After several hours exploring Olympos and the Lycian Way I continued on wards into the “modern” village of Olympos.  And to my surprise it was a haven for young Turkish teens escaping the cities for the weekend – in a very rustic way I might add.  Along just one side of the small dirt road were a few tree houses, pansyiones, and basic traditional eateries – yes tree houses and how cool! much like the kind we build for our kids in our backyards.  I crossed over the river by foot to check out the less accessible ruins and came across a lot of bright red poppies, croaking frogs, and a myriad of unearthed ruins.  I couldn’t help but think that someday our modern cities that we know so well may somehow not withstand our civilization, or perhaps the opposite – that perhaps we will not withstand ourselves, and in effect will become lost cities to future civilizations.  I picture history made in my own “backyard”, the Capital of the US – Washington DC.  Much of our buildings are made of marble & granite, grand with architectural detail borrowed from the pre-Hellinistic era, Greeks and Romans alike.  I do not see this in the near future, and even if I did, It is not necessarily a bad thing, afterall evolution is a natural process – much like succession in the forest.  The real question is, what lessons will we ensure are carried forward from this life & era to the next?

Realizing the sun was going to set in about one hour, I started to head back and stopped at one of the little huts serving fresh food and drinks.  Realizing how little I’ve shared with you about the food so far, it’s about time I give you some detail.  I stopped at a place serving Turkish tea and Gozleme.  I sat at a small wooden table and before me was the kitchen.  A wooden platform hosted a large dome-like metal cooking structure (I think it was heated with hot coals or something of the like), 2 wooden circle tablets, and 3 people – 2 women prepared the Gozleme dough and one male handled cooking it on the dome cooking structure.  The two women, one in her 50s and the other one in her 70s or 80s, sat Indian style in front of the wooden circle tablets preparing the dough.  One formed the dough into round balls while the other use a wooden stick to roll the dough out into perfectly-uniform paper thin pancakes.  She carefully placed the filling of choice (in my case fresh spinach & feta cheese) on one half and then closed the extra thin pancake in half forming something resembling a quesadilla but only better.  She then rolled this filled pancake up on the wooden stick and placed it on the metal dome cooking structure.  The man carefully watched my Gozleme cook for a few minutes on each side, turning it with a flat wood tool.  He then cut it up into four piping hot pieces and vwalah!  Divinity on a plate served with cold natural yogurt milk (Ayarn) to wash it down – another typical Turkish beverage – all for less than 5 bucks.  What made it even better? Well from my seat I could see the family’s garden plot where all the lush spinach grew, alongside peppers and arugula, and their goats which they milked to produce the cheese.  Truly and organically from farm to table. What made it modern?  Well they had one refridgerator that kept the Ayarn and a few Coca Colas cold for its customers.  You can’t ask for much more in a day’s journey!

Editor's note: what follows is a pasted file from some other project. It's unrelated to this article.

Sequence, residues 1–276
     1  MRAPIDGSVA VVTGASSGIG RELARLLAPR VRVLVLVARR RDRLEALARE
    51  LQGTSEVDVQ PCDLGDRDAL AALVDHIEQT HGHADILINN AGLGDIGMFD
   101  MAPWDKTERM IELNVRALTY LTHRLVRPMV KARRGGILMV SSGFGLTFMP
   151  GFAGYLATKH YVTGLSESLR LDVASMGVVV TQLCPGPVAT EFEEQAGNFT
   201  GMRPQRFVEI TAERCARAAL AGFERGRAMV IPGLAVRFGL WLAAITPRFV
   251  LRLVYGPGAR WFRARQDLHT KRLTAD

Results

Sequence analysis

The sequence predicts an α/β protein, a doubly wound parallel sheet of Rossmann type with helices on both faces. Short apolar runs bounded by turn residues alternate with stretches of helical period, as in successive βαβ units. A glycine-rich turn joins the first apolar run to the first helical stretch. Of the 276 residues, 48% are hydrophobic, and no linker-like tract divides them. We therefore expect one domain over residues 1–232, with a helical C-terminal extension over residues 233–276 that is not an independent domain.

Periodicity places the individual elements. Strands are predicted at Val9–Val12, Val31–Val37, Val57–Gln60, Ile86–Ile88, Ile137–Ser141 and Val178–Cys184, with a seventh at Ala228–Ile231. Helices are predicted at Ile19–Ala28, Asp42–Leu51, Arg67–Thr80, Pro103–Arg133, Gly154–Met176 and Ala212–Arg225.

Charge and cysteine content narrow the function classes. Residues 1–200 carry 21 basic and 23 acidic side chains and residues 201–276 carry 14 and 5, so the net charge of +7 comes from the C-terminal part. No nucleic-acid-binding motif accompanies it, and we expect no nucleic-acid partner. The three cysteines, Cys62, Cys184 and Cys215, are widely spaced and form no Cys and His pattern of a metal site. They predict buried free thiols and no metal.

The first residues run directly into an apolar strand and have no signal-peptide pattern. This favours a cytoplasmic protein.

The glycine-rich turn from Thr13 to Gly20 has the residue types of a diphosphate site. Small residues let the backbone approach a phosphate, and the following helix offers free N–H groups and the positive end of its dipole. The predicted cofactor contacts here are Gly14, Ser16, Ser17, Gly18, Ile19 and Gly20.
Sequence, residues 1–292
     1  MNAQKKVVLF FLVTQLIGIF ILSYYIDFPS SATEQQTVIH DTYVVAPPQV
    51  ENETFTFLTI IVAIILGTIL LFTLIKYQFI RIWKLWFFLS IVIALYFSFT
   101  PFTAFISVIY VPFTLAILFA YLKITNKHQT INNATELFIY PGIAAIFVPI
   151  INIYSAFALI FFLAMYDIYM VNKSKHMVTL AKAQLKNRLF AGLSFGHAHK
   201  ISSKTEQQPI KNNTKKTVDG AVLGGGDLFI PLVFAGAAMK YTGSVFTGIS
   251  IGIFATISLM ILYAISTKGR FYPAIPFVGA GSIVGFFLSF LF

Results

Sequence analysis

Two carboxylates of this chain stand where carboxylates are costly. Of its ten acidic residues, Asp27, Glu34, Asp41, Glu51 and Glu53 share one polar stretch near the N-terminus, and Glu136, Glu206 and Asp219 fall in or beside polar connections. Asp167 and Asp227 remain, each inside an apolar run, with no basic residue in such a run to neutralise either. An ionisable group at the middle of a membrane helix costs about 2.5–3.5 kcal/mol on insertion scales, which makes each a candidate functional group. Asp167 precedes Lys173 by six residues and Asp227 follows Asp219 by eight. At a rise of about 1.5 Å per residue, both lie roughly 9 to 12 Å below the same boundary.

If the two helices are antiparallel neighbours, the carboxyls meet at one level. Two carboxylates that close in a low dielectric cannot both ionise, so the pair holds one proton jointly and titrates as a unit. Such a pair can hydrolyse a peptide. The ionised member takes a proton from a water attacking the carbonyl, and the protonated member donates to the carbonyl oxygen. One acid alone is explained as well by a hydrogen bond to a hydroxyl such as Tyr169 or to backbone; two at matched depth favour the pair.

Color photo of the Gozleme experience

And well, here is my version of a modern-day Zeus.  Equally grand in his own demeanor.  Blessings to my animal kingdom at home.

Color photo of my Zeus

2 Responses to “Zeus – Master of Olympos”

  1. Denise Mummy May 1, 2011 at 4:37 pm #

    interesting sites, Rebecca. Glad you are enjoying it.

  2. Keylor Castillo May 2, 2011 at 8:50 am #

    Very interesting! It makes me want to go there!
    Love the way you are expressing all the details in your journey. Sounds like an awesome trip so far! Can’t wait until the next blog!!!